If you’re no good to you, you’re no good to anybody else. That’s when, sometimes, the answer has to be, “…because, I just don’t want to.”

“Nine o’clock the next day and I’m ready to go. I’ve got 600 miles to ride to do one more show.”

Those lyrics from Lynyrd Skynyrd’s What’s Your Name paint a picture of a raucous band going from city to city performing by night and traveling by day, sometimes on 600-mile journeys to the next evening’s show.

Such has been my adult business life. No, not the raucous, band playing part; but since 1979, starting as a management recruiter for South Central Bell/AT&T/ Bellsouth, I’ve been on the road from one gig to another, making my living as an actor, consultant, writer, or speaker, and then moving on to the next episode.

It started with recruiting new management hires for South Central Bell. It was technically a 9 to 5, however some weeks I left home on Monday and returned on Friday after visiting at least three college campuses. I could offer jobs to deserving young people and that was satisfying.

Later, I added acting in film and television to the consulting work I did in my firm after leaving BellSouth. For six years it was back and forth from my hometown of Birmingham to Conyers, Georgia to work on the television show In the Heat Of The Night. What started as community theatre and consultation has become a 30-year career in film and television and consultation. In the Southeast, I’ve traveled highways between Birmingham, Northwest Florida, Atlanta, Nashville, Jackson, Wilmington, Charleston, and Savannah, for gigs on movies, speeches and corporate communications.

I’ve flown into airports in most major cities. I flew into Memphis from Los Angeles to catch a connecting flight home only to turn around and get back on the plane to LA, because duty called.

The longest commute began in 1997, Birmingham to Los Angeles working as an actor out of the Los Angeles market. Then came Florida to LA, back and forth and back and forth until we got a place in Santa Monica and used it as our work home. I still enjoy spending time in Santa Monica with friends, Irish Joe, Michael O, and Sterfon.

Into this second decade of the 21st century it’s been, Charleston, Atlanta, Charlotte, Auburn, Birmingham, Nashville, Washington DC, Dallas, New York. I identify cities by the gig I worked there, Atlanta: Containment, Nashville: Sing Me the Blues Lena, Wilmington: Miracle In The Woods, Jackson: The Chamber, Los Angeles: Fight Club, NYPD Blue, etc etc.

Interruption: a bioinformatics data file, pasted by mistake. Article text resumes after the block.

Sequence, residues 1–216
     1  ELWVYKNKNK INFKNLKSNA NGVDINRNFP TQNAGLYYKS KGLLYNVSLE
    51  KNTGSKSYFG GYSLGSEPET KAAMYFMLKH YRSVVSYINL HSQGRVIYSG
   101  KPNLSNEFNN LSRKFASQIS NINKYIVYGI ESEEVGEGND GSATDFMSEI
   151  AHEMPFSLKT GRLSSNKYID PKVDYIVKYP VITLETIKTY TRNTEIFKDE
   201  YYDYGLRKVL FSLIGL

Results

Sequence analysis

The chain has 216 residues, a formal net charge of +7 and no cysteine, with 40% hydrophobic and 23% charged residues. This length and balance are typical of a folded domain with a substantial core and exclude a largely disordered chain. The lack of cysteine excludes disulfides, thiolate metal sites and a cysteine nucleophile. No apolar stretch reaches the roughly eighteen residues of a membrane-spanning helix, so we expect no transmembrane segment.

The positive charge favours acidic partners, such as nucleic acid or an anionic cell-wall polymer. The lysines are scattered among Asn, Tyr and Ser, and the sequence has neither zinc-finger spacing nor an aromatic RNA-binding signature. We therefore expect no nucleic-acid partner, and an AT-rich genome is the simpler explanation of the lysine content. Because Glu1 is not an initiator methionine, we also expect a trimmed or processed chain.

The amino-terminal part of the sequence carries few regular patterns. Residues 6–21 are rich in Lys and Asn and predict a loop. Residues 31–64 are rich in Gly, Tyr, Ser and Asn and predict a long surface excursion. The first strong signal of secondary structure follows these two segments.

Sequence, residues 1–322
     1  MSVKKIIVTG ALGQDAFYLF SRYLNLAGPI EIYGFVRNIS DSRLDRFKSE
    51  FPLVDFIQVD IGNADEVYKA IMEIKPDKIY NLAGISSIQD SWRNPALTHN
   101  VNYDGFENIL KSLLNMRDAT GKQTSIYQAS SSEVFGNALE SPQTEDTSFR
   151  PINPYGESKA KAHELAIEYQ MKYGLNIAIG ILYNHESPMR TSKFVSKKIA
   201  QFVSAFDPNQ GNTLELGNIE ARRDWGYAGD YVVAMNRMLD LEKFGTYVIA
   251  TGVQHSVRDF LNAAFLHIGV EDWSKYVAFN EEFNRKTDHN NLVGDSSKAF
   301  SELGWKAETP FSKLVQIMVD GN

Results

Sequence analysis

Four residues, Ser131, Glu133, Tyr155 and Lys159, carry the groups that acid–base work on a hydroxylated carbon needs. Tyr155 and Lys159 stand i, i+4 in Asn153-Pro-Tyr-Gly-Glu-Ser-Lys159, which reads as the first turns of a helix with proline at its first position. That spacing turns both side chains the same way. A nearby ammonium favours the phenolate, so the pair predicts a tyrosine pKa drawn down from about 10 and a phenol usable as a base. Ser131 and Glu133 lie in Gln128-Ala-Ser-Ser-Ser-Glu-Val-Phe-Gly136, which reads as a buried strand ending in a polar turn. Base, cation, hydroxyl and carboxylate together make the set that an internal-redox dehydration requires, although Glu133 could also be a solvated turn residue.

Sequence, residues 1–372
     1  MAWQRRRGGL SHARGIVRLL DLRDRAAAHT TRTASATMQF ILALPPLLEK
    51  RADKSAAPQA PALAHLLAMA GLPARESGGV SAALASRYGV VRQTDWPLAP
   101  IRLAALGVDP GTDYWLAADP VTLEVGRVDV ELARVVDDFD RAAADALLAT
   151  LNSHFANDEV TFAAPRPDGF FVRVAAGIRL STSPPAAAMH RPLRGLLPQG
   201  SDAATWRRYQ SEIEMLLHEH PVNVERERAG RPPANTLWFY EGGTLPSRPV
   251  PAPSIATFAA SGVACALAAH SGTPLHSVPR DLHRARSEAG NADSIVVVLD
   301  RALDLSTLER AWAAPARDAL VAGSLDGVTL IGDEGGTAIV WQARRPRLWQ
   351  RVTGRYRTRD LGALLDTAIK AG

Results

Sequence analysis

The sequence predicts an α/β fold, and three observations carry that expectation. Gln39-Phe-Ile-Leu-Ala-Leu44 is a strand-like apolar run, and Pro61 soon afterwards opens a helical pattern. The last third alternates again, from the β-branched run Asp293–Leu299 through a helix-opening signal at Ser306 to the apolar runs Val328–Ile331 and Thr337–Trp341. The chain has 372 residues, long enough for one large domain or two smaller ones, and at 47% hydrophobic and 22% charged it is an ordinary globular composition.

The latest gig was in Charleston, South Carolina. I’ve worked Charleston now a half dozen times. I could know more about it. I could have seen more, even visited the few people I know who live there, but that’s the road life. Go in do your gig, enjoy the crew and fellow cast members, another temporary family, and head for home awaiting the next episode of life to call. Home for me is the cherry on top of my life’s bowl of ice cream. Home is where I live my life.

How many final checks have I done? You know where you walk through the room and make sure you haven’t left anything, only in the back of your mind you feel you’re leaving something. It’s a road ritual; like zipping up the final item in your suitcase only to then remember something you specifically and meticulously planned not to forget only to have to unzip, reposition and remember what you promised to remember to pack, in the first place.

Leaving Charleston, I fired up some Allman Brothers and headed to Savannah. In Savannah, I stayed in a hotel I’d stayed in before. For every night I have paid for a hotel room, I could own an entire hotel by now. Sometimes I get to mix business and pleasure. In Savannah, I got to visit with Dixson (our son) and his family.

I am working out of Atlanta again. Looking back there is a sense of pride in having made it work. In having honored my commitments, both business and personal.

When will I stop? I don’t know. What I’ve done for money over the years, I’ve also done for free. It’s what I enjoy. I love the actual performing, consulting, and writing.

There is little more satisfying to me than siting in my office in the early hours of morning writing a piece and watching the sun come up over the Bay.

Then the phone rings, an e-mail hits, a text gets my attention.

“Nine O’clock, the next day and I’m ready to go!”

(Photo from Vladimir Pcholkin via Getty Images)
(Photo from Vladimir Pcholkin via Getty Images)